Ireland concerned at continuing instability in UK, Taoiseach says in wake of Truss resignation

Mary Lou McDonald says Truss’ legacy will be ‘wrecking the economy and working in the interests of the super-rich’

Taoiseach Micheál Martin has said that the Government is concerned at continuing political instability in the UK, but hopes a successor to Liz Truss can be elected soon and that he will have an early engagement with them about Northern Ireland.

Mr Martin said that “on a personal level”, he sympathised with Ms Truss, but said that as Britain’s closest neighbour Ireland wanted to see “stability” in the UK, and that he hoped that a successor could be selected as soon as possible.

“It’s a matter for Britain and for the British political system, but stability is important during these times when a major war is underway on the continent of Europe,” Mr Martin told journalists in Brussels as he entered the venue for the first day of a two-day summit of EU leaders.

He said that he hoped that problems with the Northern Ireland protocol could be quickly resolved with a new administration.


“Whoever becomes the new British prime minister we would hope, given all that’s going on in Europe and the world, that a meaningful discussion would take place with the European Union to resolve the issues. There is a window of opportunity to do this,” he said.

But Mr Martin admitted there was a “very strong likelihood” that the Stormont institutions would not be restored by the end of the month and added that there would be an “urgent need” to have discussions with the new prime minister “in relation to Northern Ireland and ensuring stability and continuity there also”.

“We’re very close neighbours with the United Kingdom, economically we’re very close and many Irish companies have a significant presence in the British market ... so it’s very important for Ireland that political stability is restored to the United Kingdom,” he said.

Asked if Brexit was the source of continuing British difficulties, Mr Martin said that he always though Britain had made the wrong decision, but as a democrat he accepted it.

“Issues have flowed from that decision. Many issues had not been thought through in respect of what was essentially a political decision with huge economic and market implications that are still feeding through into the economic system. But that’s a matter for the British political system, British political parties to deal with now.”

Sinn Féin leader Mary Lou McDonald said the resignation of Ms Truss came after “45 days of chaos and dysfunction at the heart of the Tory Party.”

These 45 days, she said, “worsened an economic crisis and fuelled political instability in the north, while punishing ordinary workers and families who are struggling to heat their homes and put food on the table.”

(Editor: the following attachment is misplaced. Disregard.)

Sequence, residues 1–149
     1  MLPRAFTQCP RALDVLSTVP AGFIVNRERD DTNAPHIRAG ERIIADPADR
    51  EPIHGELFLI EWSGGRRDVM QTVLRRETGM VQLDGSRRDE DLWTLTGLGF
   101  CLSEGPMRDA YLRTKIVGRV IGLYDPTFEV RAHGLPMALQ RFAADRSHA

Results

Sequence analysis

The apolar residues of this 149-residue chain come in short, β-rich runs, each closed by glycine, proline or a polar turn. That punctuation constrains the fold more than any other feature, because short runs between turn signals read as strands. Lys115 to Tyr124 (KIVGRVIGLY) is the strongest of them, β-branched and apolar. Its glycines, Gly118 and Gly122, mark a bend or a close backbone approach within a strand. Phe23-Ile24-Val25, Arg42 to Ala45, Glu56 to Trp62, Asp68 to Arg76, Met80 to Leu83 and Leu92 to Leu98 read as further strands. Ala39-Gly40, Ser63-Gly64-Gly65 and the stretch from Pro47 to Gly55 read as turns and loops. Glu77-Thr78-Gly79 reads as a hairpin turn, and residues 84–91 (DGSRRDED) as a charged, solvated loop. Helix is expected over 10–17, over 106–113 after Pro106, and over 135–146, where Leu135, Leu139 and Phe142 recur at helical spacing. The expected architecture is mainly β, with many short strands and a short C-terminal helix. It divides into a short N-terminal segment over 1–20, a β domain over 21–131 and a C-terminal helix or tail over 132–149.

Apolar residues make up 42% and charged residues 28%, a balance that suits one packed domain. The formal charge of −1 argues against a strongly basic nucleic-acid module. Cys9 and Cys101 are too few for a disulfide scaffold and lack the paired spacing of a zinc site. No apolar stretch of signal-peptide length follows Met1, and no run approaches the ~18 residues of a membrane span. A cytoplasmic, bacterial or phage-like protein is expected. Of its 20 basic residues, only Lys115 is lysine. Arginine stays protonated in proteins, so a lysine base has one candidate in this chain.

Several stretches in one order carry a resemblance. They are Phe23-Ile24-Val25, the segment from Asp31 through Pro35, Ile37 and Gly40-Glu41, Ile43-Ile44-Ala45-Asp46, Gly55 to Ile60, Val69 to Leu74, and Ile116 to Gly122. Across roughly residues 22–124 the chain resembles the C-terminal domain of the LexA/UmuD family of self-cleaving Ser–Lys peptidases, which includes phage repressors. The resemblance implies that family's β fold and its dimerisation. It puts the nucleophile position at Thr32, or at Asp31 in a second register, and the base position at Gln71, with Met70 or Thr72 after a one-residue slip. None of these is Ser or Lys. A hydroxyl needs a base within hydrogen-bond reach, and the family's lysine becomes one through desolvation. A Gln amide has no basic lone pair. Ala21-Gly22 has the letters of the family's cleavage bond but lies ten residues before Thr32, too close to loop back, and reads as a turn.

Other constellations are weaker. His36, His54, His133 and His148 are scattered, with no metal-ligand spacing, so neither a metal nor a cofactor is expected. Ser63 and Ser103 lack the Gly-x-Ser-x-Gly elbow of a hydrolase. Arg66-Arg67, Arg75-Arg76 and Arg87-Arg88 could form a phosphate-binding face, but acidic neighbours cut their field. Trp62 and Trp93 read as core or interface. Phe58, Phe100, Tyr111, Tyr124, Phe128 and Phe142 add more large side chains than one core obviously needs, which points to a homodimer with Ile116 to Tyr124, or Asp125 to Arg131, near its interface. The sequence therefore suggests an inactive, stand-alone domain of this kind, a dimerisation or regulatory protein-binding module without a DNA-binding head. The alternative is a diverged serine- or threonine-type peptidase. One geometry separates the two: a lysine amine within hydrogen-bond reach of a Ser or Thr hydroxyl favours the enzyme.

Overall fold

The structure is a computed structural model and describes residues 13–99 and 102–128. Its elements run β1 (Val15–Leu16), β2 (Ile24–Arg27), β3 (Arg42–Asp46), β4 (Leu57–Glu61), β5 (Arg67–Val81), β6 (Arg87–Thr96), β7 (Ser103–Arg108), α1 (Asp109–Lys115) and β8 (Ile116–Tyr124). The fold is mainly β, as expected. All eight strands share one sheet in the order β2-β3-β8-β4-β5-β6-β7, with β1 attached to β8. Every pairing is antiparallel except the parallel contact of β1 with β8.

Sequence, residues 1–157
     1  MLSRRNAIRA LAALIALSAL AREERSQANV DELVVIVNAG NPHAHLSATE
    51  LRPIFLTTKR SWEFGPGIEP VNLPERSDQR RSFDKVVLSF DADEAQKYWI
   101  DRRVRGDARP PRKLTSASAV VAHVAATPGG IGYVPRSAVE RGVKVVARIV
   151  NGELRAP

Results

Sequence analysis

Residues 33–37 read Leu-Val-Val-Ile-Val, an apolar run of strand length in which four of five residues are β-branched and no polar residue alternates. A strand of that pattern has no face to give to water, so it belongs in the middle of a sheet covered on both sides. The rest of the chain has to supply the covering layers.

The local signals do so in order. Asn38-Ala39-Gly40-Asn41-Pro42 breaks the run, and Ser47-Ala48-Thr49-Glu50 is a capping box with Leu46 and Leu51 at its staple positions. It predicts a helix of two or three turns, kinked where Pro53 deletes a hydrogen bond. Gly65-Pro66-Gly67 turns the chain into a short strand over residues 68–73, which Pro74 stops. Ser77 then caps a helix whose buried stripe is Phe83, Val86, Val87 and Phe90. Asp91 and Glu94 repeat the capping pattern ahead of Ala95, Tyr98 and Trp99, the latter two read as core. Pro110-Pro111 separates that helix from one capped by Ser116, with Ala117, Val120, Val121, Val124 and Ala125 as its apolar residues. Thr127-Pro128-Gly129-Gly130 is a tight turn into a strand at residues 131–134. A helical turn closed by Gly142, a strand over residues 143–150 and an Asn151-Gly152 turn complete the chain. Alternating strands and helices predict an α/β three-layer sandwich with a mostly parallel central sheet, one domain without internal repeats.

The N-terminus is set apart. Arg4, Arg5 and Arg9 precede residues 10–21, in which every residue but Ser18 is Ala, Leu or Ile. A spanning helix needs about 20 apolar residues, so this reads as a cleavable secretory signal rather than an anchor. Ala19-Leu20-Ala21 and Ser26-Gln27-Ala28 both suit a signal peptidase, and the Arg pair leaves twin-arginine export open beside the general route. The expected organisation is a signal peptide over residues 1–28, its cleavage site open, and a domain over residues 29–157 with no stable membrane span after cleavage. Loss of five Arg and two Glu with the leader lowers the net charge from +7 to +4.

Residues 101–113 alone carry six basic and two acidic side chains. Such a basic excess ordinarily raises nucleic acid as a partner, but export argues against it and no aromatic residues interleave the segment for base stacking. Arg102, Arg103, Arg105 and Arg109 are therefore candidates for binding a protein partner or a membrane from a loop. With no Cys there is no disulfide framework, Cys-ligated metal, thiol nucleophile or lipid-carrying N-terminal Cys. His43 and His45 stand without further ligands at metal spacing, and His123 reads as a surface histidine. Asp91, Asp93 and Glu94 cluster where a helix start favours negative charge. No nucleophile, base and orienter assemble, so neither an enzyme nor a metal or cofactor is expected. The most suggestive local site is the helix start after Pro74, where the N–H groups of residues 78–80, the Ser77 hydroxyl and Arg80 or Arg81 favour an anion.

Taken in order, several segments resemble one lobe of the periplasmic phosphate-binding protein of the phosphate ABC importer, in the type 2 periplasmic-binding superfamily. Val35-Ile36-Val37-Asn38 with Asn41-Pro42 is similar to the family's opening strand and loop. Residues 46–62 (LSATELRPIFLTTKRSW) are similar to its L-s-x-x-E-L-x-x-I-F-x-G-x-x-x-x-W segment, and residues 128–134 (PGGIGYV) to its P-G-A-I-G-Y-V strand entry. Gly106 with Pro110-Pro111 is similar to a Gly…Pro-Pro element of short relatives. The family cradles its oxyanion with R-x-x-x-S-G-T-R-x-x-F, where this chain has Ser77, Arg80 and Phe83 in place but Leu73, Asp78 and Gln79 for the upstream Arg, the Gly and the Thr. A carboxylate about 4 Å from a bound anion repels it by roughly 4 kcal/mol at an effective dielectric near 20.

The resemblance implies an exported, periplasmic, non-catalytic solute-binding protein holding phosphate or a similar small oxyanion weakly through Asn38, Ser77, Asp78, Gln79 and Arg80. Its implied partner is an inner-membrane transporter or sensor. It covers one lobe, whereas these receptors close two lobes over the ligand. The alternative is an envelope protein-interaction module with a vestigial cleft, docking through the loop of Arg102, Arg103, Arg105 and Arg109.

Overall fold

She said that time period also “laid bare the damage that Brexit has caused Britain politically on the international stage and which has deepened the conversation on constitutional change.”

“This is a rudderless Tory government which has no mandate in Ireland.”

The Sinn Féin leader said that Liz Truss’s legacy will be “soaring mortgage payments, wrecking the economy, lifting the cap on bankers’ bonuses and working in the interests of the super-rich. Only a locally elected Executive and Ministers working together will properly serve the interests of people here.”

It comes as the Northern Ireland Secretary Chris Heaton Harris again warned that he will call an election in Northern Ireland if powersharing is not restored by October 28th.

Ms McDonald said “the clock is ticking” with just eight days left before this deadline.

“Sinn Féin is ready to form an Executive today that will put money in people’s pockets to deal with the cost-of-living crisis and start to fix the health service.

“The new British Prime Minister needs to ensure that the Protocol continues to create jobs and investment by protecting our businesses from the damage of Brexit.

“The DUP must now end its boycott of government and work with the rest of us to protect ordinary people from the damage caused by this inept and incompetent British government.”

Minister for Foreign Affairs Simon Coveney said he hoped Britain would “elect a leader [Ireland] can negotiate with over time and that doesn’t result in the chaotic politics we’ve seen over the last few weeks, at an important time for Ireland and Northern Ireland”.

Speaking on RTÉ, the Minister said an “unfortunate” consequence of Truss’ resignation was “more uncertainty for Northern Ireland”.

“We’re trying to get complex issues negotiated in a very heated political environment. From an Irish perspective, this isn’t about personalities, it’s about stability and having a partner to negotiate with,” he said.

Minister Coveney said he thought it was “possible” that an election could be avoided in Northern Ireland “if the DUP decided that”.

“There is no functioning British government in the next week... so, what the DUP are asking for now is something we know can’t be delivered and yet an election is going to be called on the back of that ask, and surely that’s not a reasonable position.”

Pat Leahy

Pat Leahy

Pat Leahy is Political Editor of The Irish Times

Jennifer Bray

Jennifer Bray

Jennifer Bray is a Political Correspondent with The Irish Times

Jade Wilson

Jade Wilson

Jade Wilson is a reporter for The Irish Times